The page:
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Or put upon you what restraint and grievance
Let him do his spite :
unhoused 8 free condition Put into circumscription and confine For the sea's worth 9. But, look! what lights come
5 • Men who have sat upon royal thrones.' So in Grafton's Chronicle, p. 443 : - Incontinent, after that he was placed in the royal siege,' &c.
6 Demerits has the same meaning in Shakspeare as merits. Mereo and demereo had the same meaning in the Roman language. • Demerit (says Bullokar), a desert; also (on the contrary, and as it is most commonly used at this day) ill-deserving.' See Coriolanus, p. 131.
7 Mr. Fuseli (and who was better acquainted with the sense and spirit of Shakspeare ?) explains this passage as follows: • I am his equal or superior in rank; and were it not so, such, are my merits, that unbonneted, without the addition of patrician or senatorial dignity, they may speak to as proud a fortune,' &c. At Venice the bonnet, as well as the toge, is a badge of aristoeratic honours to this day.
8 i. e. unsettled, free from domestic cares.
9 Pliny, the naturalist, has a chapter on the riches of the sea. The expression seems to have been proverbial. Thus in Davenant's Cruel Brother, 1630:
he would not lose that privilege
As rich with praise,
With sunken wreck and symless treasuries.'
Enter Cassio, at a Distance, and certain Officers
with Torches. Jago. These are the raised father, and his friends : You were best go in. Oth.
Not I: I must be found; My parts, my title, and my perfect soul, Shall manifest me rightly. Is it they?
lago. By Janus, I think no.
Oth. The servants of the duke, lieutenant. The goodness of the night upon you, friends 10! What is the news ?
Cas. The duke does greet you, general; And he requires your haste, post-haste 11 appearance, Even on the instant. Oth.
What is the matter, think you? Cas. Something from Cyprus, as I may divine; It is a business of some heat: the galleys Have sent a dozen sequent messengers This very night at one another's heels; And many of the consuls 12, rais'd, and met, Are at the duke's already: You have been hotly
call’d for; When, being not at your lodging to be found, The senate hath sent about three several quests 1s, To search Oth.
'Tis well I am found by you. I will but spend a word here in the house, And
10 So in Measure for Measure:
• The best and wholesomest spirits of the night
Envelop you, good provost!' 11 These words were ordinarily written on the covers of letters or packets requiring the most prompt and speedy conveyance. Often
reduplicated thus :-Haste, haste, haste, post-haste!' 12 See note 6, on Scene 1, p. 256.
13 Quests are here put for messengers ; properly it signified seurchers. Vide Cotgrave, in questeur.
Ancient, what makes he here? Iago. 'Faith, he to-night hath boarded a land
Cas. I do not understand.
To who 15 ? Re-enter Othello. lago. Marry, to-Come, captain, will you go? Oth.
Have with you. Cas. Here comes another troop to seek for you. Enter BRABANTIO, RODERIGO, and Officers of
Night, with Torches and Weapons.
Hola! stand there!
Down with him, thief!
[They draw on both sides. Iago. You, Roderigo! come, sir, I am for you. Oth. Keep up your bright swords, for the dew
will rust them.Good signior, you shall more command with years, Than with your weapons. Bra. O thou foul thief, where hast thou stow'd
my daughter? 14 A carrack, or carrick, was a ship of great burthen, a Spanish galeon; so named from carico, a lading, or freight. 15 In the third scene of the third act Iago says :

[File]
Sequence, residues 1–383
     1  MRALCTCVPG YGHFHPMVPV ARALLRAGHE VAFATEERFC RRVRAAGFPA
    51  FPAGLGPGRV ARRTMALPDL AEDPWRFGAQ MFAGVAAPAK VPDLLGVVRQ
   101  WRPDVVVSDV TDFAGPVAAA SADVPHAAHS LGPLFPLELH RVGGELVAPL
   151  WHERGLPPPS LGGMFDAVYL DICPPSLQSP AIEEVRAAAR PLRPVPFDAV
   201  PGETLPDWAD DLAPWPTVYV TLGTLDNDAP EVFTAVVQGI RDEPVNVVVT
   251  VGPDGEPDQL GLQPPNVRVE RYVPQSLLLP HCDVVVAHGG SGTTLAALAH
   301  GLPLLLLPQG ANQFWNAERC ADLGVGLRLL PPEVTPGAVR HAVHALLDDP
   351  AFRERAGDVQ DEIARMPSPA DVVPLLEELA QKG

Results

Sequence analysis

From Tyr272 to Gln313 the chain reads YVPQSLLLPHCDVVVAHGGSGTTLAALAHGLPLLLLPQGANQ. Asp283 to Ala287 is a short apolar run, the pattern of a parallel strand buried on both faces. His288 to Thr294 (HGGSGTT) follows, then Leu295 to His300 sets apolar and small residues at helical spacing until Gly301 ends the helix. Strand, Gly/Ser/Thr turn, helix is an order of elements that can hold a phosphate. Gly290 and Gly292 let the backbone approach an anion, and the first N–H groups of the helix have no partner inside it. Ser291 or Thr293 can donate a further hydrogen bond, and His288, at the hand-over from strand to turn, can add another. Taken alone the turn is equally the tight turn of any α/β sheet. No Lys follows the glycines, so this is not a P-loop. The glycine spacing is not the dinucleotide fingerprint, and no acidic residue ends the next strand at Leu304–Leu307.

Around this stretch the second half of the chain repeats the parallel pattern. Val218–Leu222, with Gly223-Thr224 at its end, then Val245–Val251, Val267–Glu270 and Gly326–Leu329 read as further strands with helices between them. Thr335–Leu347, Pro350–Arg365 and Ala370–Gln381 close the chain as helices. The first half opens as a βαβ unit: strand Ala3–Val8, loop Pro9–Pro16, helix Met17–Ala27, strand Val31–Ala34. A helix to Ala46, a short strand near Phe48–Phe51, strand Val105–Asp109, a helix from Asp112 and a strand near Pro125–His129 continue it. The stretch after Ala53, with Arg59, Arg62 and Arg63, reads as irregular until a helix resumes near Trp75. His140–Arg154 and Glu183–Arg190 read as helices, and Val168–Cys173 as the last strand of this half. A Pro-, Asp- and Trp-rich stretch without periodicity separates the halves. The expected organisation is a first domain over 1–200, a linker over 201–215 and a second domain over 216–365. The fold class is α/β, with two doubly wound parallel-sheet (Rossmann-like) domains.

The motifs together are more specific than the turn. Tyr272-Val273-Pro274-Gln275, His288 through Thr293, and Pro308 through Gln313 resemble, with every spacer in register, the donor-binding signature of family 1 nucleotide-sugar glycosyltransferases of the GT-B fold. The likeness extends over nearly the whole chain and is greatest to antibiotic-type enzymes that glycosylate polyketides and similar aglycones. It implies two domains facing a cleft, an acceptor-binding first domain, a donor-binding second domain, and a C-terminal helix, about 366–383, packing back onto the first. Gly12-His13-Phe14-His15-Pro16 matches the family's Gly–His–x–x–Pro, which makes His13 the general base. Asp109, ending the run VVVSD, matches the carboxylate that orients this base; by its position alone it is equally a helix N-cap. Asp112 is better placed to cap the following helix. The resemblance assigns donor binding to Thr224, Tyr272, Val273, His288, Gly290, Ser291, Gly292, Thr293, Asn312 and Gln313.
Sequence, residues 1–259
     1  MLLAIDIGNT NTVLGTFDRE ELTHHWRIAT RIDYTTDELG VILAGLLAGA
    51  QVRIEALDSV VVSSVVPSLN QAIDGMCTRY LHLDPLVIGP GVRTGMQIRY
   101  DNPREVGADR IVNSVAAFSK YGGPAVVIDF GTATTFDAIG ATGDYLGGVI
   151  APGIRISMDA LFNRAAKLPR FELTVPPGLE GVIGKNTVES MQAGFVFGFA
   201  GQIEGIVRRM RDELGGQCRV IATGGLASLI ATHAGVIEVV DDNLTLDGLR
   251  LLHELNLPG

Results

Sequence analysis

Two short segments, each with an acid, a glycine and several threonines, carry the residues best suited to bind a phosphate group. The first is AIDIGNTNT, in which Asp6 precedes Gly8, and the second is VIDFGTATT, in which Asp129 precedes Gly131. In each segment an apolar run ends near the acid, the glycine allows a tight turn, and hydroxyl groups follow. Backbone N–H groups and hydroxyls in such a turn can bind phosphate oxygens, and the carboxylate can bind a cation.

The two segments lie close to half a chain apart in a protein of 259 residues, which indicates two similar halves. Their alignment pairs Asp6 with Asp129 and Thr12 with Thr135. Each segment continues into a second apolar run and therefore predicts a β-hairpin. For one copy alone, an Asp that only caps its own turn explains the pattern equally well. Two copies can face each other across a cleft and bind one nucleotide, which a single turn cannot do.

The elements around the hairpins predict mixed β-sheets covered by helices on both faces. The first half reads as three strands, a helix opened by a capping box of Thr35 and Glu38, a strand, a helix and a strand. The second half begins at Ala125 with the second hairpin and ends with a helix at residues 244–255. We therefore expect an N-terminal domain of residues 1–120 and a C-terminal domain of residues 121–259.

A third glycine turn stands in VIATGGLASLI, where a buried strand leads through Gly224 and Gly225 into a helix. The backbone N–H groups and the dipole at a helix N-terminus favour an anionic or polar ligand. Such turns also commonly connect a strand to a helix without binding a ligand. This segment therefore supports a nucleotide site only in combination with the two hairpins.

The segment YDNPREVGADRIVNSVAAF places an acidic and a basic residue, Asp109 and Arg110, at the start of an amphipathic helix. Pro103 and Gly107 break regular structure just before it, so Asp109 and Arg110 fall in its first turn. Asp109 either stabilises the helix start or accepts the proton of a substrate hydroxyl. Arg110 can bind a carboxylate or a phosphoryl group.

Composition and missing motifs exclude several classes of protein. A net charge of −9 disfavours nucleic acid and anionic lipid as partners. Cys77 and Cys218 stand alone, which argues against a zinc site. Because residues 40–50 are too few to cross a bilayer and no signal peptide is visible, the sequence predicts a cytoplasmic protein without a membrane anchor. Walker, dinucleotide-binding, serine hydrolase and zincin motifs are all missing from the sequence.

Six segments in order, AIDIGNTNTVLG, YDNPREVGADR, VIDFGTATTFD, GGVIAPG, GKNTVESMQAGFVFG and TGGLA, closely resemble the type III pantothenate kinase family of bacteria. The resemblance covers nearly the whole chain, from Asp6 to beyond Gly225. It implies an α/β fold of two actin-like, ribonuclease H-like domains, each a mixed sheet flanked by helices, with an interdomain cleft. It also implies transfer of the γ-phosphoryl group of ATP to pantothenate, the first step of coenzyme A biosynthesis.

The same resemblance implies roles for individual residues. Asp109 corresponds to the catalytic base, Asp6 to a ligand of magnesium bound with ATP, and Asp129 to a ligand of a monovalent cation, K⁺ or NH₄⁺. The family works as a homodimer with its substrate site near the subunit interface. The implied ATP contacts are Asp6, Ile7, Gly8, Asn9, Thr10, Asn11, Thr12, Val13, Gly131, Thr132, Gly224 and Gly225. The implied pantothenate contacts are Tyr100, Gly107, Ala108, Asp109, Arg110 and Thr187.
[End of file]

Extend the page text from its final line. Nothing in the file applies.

• Did Michael Cassio, when you woo'd my lady,
Oth. From first to last.' Cassio's seeming ignorance might therefore only be affected in order to keep his friend's secret till it became publicly known.
16 i. e, be cautious, be discreet,
Damn'd as thou art, thou hast enchanted her:
17 Sir W. Davenant uses the same expression in his Just Italian, 1630:
• The curld and silken nobles of the town.' Again:-
• Such as the curled youth of Italy.' It was the fashion of the poet's time for lusty gallants to wear
a curled bush of frizzled hair.' See Hall's Satires, ed. 1824, book iji. sat. 5. Shakspeare has in other places alluded to the fashion of curling the hair among persons of rank and fashion. Speaking of Tarquin, in The Rape of Lucrece, he says ;
* Let him have time to tear his curled hair.' And Edgar, in Lear, when he was ‘proud in heart and mind,' curled his hair. Turnus, in the twelfth Æneid, speaking of Æneas, says:
fædare in pulvere crines Vibratos calido ferre.' 18 « Of such a thing as thou: a thing to fear (i. e. terrify), not to delight. So in the next scene :
• To fall in love with what she fear'd to look on.' 19 The lines in crotchets are not in the first edition, 4to. 1622.
20 The old copy reads, “That weaken motion. The emendation is Hanmer's. Motion is elsewhere used by our poet precisely in the sense required here. So in Measure for Measure:
one who never feels The wanton stings and motions of the sense.' And in a subsequent scene of this play :— But we have reason
I therefore apprehend and do attach thee,]
Hold your hands, ,
it my cue to fight, I should have known it
To prison: till fit time
What if I do obey ?
the duke be therewith satisfied;
'Tis true, most worthy signior,
How! the duke in council !
brothers of the state,
[Exeunt. to cool our raging motions, our carnal stings, our unbitted lasts.' So in A Mad World, my Masters, by Middleton, 1608:
* And in myself sooth up adulterous motions.' To waken is to incite, to stir up. We have in the present play, ' waken'd wrath. And in Shakspeare's 117th Sonnet, ‘ waken'd bate.' Brabantio afterwards asserts :
* That with some mixtures powerful o'er the blood
He wrought upon her.' 21 This passage has been completely misunderstood. Pagan